Knee Airbags May Increase Injury Risk, IIHS Says

Just when you thought the more airbags you have in a car the better protection you get in the event of a crash, a study released this week by the U.S. Insurance Institute for Highway Safety (IIHS) shows that not all of these life-saving devices are created equal.

Knee airbags, in particular, have a negligible effect on injury risk and, in fact, may even increase it in some cases.

This somewhat shocking finding comes at a time when more and more vehicles are adding knee protection as part of their airbag system. Even Canada’s cheapest car, the Chevrolet Spark at $9,995, includes a pair of knee airbags (they’re two of 10 airbags fitted as standard).

Knee airbags usually deploy from the lower dashboard and are intended to distribute impact forces to reduce leg injuries. They may also help reduce forces on an occupant's chest and abdomen by controlling lower body movement.

The organization responsible for collision tests in the U.S. examined both crash test data and information from real-world crash reports to determine whether or not knee airbags improve safety.

Photo: IIHS

For the first part, they looked at injury measures from more than 400 frontal crash tests conducted as part of the IIHS vehicle ratings program to see if injuries were less likely when vehicles were equipped with knee airbags.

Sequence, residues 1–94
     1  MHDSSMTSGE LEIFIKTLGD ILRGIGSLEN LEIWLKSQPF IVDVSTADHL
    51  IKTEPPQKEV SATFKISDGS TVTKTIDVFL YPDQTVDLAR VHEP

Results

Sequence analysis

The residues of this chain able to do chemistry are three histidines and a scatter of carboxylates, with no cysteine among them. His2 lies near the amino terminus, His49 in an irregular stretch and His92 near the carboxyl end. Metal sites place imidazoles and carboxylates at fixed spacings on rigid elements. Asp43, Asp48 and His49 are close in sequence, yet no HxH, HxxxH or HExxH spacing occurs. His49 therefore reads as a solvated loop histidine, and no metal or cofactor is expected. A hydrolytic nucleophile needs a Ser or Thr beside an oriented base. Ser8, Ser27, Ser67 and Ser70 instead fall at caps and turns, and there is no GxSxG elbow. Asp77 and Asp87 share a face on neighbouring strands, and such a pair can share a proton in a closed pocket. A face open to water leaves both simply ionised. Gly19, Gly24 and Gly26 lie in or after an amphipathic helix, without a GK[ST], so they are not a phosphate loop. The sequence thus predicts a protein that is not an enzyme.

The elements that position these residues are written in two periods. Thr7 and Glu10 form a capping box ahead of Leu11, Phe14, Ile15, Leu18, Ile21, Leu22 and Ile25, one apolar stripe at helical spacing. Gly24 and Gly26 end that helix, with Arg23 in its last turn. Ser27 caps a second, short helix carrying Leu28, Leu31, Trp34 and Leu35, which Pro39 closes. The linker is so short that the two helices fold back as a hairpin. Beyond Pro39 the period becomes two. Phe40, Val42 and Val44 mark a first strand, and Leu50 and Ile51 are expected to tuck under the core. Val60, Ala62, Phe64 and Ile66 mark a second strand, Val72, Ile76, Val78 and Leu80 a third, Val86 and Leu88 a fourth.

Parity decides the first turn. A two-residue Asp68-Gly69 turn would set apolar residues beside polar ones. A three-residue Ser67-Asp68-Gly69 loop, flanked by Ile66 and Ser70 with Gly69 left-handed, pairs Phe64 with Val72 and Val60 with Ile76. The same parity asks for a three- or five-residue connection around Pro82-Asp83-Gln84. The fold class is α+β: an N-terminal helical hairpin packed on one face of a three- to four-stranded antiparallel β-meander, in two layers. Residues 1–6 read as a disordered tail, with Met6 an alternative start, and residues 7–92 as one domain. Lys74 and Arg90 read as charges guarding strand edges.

To look at real-world outcomes, they compiled crash reports from 14 U.S. states and compared injury risk in vehicles with knee airbags with risk in vehicles without knee airbags.

Knee airbags had only a small effect on injury measures recorded by dummies in IIHS driver-side small overlap front and moderate overlap front crash tests. Surprisingly, in the small overlap test, knee airbags were associated with increased injury risk for lower leg injuries and right femur injuries, though head injury risk was slightly reduced. The airbags had no effect on injury measures in the moderate overlap test.

In the analysis of real-world crashes, knee airbags reduced overall injury risk by half a percentage point, from 7.9 percent to 7.4 percent, but this result wasn’t statistically significant.

One reason some manufacturers have been installing knee airbags, according to the IIHS, is to help vehicles pass federally mandated tests with unbelted dummies. It’s possible that knee airbags would help unbelted occupants in real-world crashes. The IIHS study didn’t look specifically at crashes in which people weren’t using seat belts, and dummies are always belted in IIHS vehicle ratings tests.

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